Twenty-one feeders, out of a total of 31, will be installed in the lower basement level (B2) of the Tokamak Building. In green at centre-left is the feeder serving toroidal field coils #12 and #13. (Click to view larger version...)
Twenty-one feeders, out of a total of 31, will be installed in the lower basement level (B2) of the Tokamak Building. In green at centre-left is the feeder serving toroidal field coils #12 and #13.
Procured by China and manufactured at the Institute of Plasma Physics, Chinese Academy of Sciences (ASIPP), each feeder segment is delivered to ITER fully instrumented and, following onsite inspections and testing, ready for assembly—in all more than 1,600 tonnes of equipment and 93 large components plus auxiliaries.

A little more than two years ago, in December 2018, the first magnet feeder element was installed in the assembly pit. Designed to serve poloidal field coil #4, one of the largest of the machine's ring-shaped magnets, the ''captive'' feedthrough needed to be brought into position before the completion of the cryostat base support ring.

In a delicate and spectacular operation, the 8-metre-long, 4.5-metre-tall, 7.5-tonne elbow-shaped component had to be introduced into the pit through the bioshield roof and inserted into the slim opening that had been left in the crown concrete for this purpose.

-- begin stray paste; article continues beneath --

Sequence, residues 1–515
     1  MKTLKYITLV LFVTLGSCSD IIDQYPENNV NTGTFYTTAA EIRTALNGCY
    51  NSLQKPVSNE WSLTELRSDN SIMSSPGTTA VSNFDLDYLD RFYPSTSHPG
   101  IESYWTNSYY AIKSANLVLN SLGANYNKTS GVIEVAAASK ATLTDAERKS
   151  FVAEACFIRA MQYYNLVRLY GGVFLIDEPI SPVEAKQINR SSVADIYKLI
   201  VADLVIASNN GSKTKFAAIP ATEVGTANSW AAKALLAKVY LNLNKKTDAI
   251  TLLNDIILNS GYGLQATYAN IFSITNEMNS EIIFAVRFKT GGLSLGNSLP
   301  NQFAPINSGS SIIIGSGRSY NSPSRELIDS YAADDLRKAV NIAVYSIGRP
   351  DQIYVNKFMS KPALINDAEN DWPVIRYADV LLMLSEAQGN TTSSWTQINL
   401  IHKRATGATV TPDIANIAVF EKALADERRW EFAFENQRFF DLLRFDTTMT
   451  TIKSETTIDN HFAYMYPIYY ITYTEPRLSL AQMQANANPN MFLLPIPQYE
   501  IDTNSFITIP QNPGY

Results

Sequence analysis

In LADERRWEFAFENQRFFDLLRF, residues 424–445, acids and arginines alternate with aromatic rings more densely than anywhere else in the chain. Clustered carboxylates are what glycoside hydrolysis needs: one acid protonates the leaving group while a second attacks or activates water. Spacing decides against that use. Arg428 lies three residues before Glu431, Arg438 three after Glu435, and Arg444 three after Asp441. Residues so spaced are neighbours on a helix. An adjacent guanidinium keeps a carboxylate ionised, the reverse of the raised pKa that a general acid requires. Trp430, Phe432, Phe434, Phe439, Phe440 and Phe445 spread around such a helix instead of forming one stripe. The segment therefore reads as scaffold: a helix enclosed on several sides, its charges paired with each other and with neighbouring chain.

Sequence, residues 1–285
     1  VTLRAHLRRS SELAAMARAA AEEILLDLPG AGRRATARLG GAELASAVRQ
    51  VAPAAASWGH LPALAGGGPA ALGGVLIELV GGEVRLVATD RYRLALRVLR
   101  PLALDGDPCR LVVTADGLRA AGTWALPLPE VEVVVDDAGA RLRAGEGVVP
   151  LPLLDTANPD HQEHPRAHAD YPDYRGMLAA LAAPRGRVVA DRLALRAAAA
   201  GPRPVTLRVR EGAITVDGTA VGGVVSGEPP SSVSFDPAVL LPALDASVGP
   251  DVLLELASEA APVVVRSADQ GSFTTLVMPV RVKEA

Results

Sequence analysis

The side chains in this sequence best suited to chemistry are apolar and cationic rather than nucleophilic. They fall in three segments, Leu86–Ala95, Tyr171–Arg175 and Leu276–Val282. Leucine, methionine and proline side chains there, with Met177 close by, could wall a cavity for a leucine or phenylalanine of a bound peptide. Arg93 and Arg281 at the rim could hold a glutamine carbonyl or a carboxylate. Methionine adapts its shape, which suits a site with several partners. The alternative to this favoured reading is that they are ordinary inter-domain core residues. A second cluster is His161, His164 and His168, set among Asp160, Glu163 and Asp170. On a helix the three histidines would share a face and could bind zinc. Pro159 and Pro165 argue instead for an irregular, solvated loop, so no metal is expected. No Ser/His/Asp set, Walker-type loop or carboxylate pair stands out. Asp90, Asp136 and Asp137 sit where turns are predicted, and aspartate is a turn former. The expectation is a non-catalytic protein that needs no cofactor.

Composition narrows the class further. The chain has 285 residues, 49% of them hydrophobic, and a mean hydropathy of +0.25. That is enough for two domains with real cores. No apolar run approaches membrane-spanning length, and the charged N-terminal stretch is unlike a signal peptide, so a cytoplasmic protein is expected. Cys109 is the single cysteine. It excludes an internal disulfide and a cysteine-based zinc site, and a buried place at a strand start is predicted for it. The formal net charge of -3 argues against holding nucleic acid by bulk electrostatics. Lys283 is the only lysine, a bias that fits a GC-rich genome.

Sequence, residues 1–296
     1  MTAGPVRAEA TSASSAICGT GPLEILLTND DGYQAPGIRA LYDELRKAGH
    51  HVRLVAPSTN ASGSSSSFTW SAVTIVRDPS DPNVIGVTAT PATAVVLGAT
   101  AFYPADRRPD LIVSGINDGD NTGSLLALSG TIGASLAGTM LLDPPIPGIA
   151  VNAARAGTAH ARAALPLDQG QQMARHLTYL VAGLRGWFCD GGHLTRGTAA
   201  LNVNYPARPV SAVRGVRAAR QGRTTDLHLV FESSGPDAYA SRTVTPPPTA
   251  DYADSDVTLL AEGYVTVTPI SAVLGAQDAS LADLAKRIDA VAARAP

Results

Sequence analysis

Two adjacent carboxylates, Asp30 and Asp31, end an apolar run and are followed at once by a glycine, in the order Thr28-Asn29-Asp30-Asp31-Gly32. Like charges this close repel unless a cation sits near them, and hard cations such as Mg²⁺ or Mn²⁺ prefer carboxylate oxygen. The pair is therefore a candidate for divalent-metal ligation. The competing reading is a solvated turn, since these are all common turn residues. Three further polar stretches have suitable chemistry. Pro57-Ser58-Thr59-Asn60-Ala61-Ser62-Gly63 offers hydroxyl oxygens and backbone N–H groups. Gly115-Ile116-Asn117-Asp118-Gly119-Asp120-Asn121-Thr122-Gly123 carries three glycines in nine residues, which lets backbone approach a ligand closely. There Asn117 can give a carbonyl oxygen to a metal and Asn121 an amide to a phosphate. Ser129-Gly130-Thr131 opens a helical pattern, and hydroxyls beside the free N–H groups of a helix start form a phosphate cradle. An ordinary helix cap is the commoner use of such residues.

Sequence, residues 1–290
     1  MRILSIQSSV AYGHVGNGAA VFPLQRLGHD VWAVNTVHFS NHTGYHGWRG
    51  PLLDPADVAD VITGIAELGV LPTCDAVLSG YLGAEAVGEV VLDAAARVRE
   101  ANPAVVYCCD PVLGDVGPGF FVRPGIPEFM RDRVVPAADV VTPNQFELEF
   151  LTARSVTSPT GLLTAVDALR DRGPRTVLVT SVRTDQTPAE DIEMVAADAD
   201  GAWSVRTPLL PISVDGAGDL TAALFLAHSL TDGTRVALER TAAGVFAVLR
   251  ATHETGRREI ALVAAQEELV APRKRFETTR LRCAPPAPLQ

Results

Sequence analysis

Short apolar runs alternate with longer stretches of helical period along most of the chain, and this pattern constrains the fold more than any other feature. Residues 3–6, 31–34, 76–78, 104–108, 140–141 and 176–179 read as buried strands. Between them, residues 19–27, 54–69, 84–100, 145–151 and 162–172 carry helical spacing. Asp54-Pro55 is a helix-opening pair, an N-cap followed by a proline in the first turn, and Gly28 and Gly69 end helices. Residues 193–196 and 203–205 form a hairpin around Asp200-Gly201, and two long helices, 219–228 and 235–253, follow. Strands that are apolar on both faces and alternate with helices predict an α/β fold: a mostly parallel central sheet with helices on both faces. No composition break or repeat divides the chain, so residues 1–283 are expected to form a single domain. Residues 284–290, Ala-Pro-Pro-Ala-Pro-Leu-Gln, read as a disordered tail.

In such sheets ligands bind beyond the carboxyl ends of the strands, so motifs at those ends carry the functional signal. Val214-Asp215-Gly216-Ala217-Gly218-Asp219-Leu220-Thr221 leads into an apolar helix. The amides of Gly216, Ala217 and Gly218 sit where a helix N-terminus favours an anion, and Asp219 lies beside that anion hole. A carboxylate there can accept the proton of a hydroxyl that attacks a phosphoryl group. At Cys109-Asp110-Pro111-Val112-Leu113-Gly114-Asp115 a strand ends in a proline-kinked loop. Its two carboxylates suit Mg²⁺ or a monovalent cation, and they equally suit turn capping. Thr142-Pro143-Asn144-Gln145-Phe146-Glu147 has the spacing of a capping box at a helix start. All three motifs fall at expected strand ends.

The upper level (L3) of the Tokamak Building will accommodate 10 feeders, including those connected to the central solenoid. (Click to view larger version...)
The upper level (L3) of the Tokamak Building will accommodate 10 feeders, including those connected to the central solenoid.
In December 2020, the cryostat feedthrough for the feeder serving toroidal field coils #12 and #13 was inserted into its designated position. One month later, the corresponding coil terminal box was positioned in the gallery at the lowest level (B2) of the Tokamak Building. This time, the massive component entered through a large opening in the Tritium Building and was moved along the gallery floor by means of roller skates underneath the transport frame.

The three feeder segments that are now in place inside the Tokamak Building are just a fraction of the elements required for the complete system. As components are delivered from China, installation will progress clockwise, first at the lowest B2 level, which accommodates 21 feeders, later at the upper L3 level for the remaining 10.

The feeder team has now established a robust installation plan and is proceeding on schedule. Next in line is the coil terminal box for PF #4, to be positioned parallel to the box recently installed, followed by the cryostat feedthrough and the valve box for one of the three feeders exclusively dedicated to cooling the coil structures.

* Of the 31 feeders to be installed (21 at lower level, 10 at upper level), two are exclusively dedicated to instrumentation signals and three to the cooling of coil structures. All others carry current and coolant to magnets.